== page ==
The next generation Ford Focus has been tested in some of the most extreme locations on the planet – over frozen lakes, across the hottest deserts and up and down high Alpine passes to ensure impeccable reliability and dependability wherever it is sold.
While many of these tests focus on how such climate extremes affect the performance of the vehicle, the comfort of the driver and passengers in these tough conditions is equally important.
Ford’s climate control test team travels the world to ensure that the car’s EATC (Electronic Automatic Temperature Control) system can handle any conditions. The system needs to be able to cool the occupants down quickly and comfortably in scorching sun and warm them up just as rapidly when the temperature drops.
In the next generation Focus, which goes on sale early next year, the EATC system cools occupants more comfortably and efficiently than ever before. The fans are quieter and are capable of moving cool air through the cabin more quickly. The team’s task is to fine-tune this system.
One of the team’s regular testing locations is Antequera in Southern Spain. In the height of summer this is one of the hottest places in continental Western Europe, with temperatures regularly rising above 40 deg C.
Ford systems engineer Klaus Schuermanns is here for two weeks, driving up to 500km a day, six days a week. “We are doing a subjective and an objective evaluation of the EATC system so that we can finalise its calibration. We take the data from the EATC, compare with how we feel inside the car, as well as with objective data from the cabin, such as the breathing level temperature. We then make adjustments to fine tune the system.”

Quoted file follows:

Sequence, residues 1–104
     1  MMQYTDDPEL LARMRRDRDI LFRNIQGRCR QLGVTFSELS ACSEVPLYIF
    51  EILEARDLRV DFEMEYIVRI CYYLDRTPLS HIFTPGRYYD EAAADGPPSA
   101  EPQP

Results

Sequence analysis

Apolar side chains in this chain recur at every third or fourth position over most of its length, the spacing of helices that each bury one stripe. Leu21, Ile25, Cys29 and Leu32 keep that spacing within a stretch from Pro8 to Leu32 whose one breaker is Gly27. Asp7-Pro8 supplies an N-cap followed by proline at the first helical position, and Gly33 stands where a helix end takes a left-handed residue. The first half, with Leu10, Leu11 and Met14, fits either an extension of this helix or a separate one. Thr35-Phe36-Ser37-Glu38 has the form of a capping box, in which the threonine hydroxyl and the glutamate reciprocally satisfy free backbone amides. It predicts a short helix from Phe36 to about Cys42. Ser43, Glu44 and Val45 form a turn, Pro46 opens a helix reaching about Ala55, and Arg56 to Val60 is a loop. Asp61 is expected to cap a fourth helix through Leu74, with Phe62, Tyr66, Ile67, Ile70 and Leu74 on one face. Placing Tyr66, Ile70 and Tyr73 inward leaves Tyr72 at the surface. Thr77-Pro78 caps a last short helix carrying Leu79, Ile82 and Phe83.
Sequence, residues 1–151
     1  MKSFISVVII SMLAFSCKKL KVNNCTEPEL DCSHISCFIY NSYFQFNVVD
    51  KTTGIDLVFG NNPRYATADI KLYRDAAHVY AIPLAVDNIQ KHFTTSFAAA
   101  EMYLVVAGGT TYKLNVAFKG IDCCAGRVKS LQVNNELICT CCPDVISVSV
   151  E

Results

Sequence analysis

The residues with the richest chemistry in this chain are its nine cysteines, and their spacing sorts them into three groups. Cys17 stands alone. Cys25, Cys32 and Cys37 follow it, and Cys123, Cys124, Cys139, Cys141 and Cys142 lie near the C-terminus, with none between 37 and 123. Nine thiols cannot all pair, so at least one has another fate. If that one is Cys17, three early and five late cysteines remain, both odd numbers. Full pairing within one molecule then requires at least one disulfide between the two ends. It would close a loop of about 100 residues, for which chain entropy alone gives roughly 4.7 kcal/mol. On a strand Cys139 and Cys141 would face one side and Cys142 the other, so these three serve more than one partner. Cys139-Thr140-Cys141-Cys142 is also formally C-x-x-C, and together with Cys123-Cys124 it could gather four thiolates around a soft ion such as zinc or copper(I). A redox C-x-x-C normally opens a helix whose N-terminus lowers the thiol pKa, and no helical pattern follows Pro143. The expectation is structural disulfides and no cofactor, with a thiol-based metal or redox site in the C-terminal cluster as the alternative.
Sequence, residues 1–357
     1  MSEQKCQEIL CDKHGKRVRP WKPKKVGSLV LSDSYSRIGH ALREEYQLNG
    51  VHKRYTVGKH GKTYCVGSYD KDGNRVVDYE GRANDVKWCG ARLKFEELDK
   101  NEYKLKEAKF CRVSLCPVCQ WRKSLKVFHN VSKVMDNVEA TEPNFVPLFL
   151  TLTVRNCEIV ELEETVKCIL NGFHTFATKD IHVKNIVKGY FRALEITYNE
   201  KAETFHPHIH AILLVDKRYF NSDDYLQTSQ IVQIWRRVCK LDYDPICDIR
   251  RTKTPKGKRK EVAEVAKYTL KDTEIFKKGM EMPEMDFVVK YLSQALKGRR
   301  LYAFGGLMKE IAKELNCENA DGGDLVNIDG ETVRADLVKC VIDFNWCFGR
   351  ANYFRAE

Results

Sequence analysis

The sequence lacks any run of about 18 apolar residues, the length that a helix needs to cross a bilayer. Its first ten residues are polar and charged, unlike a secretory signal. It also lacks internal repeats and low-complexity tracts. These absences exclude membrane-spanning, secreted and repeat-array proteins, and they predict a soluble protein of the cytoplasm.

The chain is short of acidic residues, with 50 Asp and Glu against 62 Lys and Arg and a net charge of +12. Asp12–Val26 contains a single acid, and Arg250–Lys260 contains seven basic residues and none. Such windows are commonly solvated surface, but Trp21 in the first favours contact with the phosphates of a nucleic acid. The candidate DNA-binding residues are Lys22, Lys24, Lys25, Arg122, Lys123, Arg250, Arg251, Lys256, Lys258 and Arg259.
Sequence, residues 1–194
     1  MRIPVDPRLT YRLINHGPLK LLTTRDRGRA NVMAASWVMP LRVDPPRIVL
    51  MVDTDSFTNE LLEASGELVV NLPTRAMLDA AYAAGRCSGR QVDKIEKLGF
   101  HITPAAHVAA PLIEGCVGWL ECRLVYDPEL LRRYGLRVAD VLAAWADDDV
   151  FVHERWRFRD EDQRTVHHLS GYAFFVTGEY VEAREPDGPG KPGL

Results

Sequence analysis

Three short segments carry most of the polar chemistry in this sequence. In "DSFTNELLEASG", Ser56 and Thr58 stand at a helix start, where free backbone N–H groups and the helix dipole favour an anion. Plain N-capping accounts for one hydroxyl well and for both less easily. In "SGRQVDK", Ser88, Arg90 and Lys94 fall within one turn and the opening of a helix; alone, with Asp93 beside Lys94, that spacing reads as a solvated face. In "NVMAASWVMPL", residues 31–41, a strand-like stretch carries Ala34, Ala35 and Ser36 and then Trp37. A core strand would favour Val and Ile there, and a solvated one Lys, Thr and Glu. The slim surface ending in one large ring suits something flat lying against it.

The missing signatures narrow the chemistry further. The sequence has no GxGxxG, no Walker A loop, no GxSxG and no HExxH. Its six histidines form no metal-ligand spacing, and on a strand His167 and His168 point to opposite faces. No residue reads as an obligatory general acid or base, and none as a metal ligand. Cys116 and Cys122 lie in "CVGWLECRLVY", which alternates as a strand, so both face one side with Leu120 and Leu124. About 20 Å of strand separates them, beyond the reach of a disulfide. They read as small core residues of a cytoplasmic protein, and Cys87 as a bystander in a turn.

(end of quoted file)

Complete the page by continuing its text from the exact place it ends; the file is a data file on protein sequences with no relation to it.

Today, the team is testing two camouflaged vehicles – a four-door version for the North American market and a five-door European-spec Focus. They are monitoring the findings from more than 200 sensors that are placed around the car. These sensors record a myriad data, including ambient temperature, AC pressures, engine speed, and sunlight. Chrome-nickel thermo couples are attached to the windows, the seats, the radio, and all around the drivers and passengers, monitoring the temperature throughout the cabin.
One of the main challenges for the team is that customers in North America have different preferences to their European counterparts, so the two test vehicles have different calibrations. North American customers generally like to feel a strong cooling effect while the European customer preference is for the cabin to be cooled but not to feel chilled. This is where the team’s experience in subjectively evaluating the system comes in. The sensors can monitor actual data, but the human experience is just as important.
After 250km of motorway driving, the two cars are parked side by side in direct sunlight. “This is the pull down test,” explains Klaus. “The vehicles are soaked in the sun for about an hour, until the temperature in the cabin reaches about 60 deg C. Then we drive 30km or so and see how long it takes to get back down to the chosen comfort point.”
Other tests carried out by the engineers include an altitude test and a control curve, where the temperature settings are changed and the team monitors how it feels as the system adapts. As they drive the engineers can directly make changes to the EATC calibration.
“We get a lot of people trying to take pictures as we drive along,” Klaus added, “and people are always asking us about the car. But the most important thing for us is that this AC system in the all-new Focus is great. That makes our job much easier, not to mention more comfortable.”